And if he was a real "Genius" he'd probably say that to 99% of the people coming in. But he isn't a "Genius" - he's just some Randall Herschel in some sort of sales job.
So, it seems that Microsoft wants to capture some of this magic (and sales from clueless people who will buy whatever piece of equipment that some "Genius" tells them to buy) and has started setting up their own "Windows" stores, which look a lot like Apple stores.
We went by and it was amazing - there were like 50 people in there - customers and employees, and the chatter was deafening. What was odd was that it was a Friday morning and the fake "downtown" shopping mall was pretty empty. Where did all these people come from?
So we went to lunch and then walked around some more, waiting for the shuttle bus. We went by the Windows Store and the place was empty. There was one sales clerk behind the desk. No chattering crowd oohing and aaaahing over new Windows 8 products. Now, don't get me wrong, I am not a Microsoft-basher. I have, uh, seven computers right now (whose combined purchase price would be less than ONE Apple computer) and they all run Windows 7 or lower (I have a netbook running Android, but that is another story). Windows products are cheap and easy to use, and when they break, you can just buy a new one, rather than consult with a "Genius" for $300 an hour.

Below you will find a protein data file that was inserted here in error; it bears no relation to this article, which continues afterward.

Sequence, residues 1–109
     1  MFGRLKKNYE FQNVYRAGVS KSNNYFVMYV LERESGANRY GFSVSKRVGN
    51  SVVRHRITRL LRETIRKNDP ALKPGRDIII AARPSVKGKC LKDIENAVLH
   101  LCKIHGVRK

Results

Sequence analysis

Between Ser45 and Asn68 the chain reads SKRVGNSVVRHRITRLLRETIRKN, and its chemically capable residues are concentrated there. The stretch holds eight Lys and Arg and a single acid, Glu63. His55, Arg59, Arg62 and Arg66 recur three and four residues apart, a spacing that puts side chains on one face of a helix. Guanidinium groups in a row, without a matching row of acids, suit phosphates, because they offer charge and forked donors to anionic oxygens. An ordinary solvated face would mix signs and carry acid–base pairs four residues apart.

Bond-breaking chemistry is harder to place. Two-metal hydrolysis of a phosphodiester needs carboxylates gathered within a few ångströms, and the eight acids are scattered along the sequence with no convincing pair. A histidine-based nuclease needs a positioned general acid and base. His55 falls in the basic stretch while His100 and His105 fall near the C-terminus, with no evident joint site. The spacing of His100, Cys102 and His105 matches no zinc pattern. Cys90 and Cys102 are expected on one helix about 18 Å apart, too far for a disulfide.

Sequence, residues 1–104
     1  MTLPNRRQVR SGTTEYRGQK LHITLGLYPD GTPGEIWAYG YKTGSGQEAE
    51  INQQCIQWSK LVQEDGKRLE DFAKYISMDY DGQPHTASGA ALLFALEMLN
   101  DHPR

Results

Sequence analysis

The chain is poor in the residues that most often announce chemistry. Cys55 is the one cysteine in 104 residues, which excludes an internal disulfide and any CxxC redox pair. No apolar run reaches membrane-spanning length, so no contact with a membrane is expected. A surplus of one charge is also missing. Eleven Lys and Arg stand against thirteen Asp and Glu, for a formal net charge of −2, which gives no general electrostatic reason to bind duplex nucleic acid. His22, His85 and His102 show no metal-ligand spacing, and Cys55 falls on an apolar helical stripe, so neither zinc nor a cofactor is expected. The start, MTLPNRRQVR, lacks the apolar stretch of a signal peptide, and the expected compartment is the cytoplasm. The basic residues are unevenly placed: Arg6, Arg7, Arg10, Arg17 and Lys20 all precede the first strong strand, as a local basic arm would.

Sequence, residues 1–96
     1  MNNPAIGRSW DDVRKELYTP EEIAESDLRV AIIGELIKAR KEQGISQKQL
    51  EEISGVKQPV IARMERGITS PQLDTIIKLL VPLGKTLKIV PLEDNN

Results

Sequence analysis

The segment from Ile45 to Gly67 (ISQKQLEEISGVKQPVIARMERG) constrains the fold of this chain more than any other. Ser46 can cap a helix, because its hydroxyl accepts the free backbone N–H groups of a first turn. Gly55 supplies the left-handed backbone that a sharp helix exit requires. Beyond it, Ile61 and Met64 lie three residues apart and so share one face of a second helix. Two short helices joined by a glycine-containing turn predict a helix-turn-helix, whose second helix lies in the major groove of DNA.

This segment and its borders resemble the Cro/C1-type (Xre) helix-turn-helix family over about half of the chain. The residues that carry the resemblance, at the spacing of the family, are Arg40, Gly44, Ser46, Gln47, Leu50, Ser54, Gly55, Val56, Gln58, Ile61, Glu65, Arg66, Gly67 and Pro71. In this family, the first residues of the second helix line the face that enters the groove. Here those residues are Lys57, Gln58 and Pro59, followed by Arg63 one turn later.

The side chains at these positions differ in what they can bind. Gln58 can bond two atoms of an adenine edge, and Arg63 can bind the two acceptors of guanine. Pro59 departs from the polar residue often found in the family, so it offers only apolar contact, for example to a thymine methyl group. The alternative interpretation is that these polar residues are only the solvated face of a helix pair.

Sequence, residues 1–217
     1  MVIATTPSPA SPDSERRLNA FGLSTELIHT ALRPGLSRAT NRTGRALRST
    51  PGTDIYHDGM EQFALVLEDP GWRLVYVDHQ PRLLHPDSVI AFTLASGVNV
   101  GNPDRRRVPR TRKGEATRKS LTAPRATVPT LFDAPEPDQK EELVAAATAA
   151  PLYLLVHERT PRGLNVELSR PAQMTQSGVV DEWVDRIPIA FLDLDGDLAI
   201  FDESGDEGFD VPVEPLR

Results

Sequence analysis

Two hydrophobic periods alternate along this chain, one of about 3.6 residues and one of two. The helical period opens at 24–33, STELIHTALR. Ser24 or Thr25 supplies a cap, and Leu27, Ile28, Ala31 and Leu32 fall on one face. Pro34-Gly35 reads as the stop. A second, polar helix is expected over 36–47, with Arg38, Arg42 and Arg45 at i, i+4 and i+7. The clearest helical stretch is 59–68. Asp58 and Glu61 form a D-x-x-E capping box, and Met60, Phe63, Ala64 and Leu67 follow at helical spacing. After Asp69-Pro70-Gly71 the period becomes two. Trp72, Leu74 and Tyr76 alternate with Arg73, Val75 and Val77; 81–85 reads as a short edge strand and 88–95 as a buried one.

But let's get real here, everyone hates Windows 8. No one ooohs or aaahs over it. Windows 7 is a good product, and Windows 10 will be. But Windows 8 is the Vista of touch-screen O/S and that is saying a lot.
So, why the flash crowd at the Windows store - 50 people or more and at least a dozen salespeople? Then, an hour later, no one?
It got me to thinking, did they just populate the place with shills? One way to sell products is to make a place look really popular. If you have a velvet rope out front, with a line of people waiting to get in, so much the better.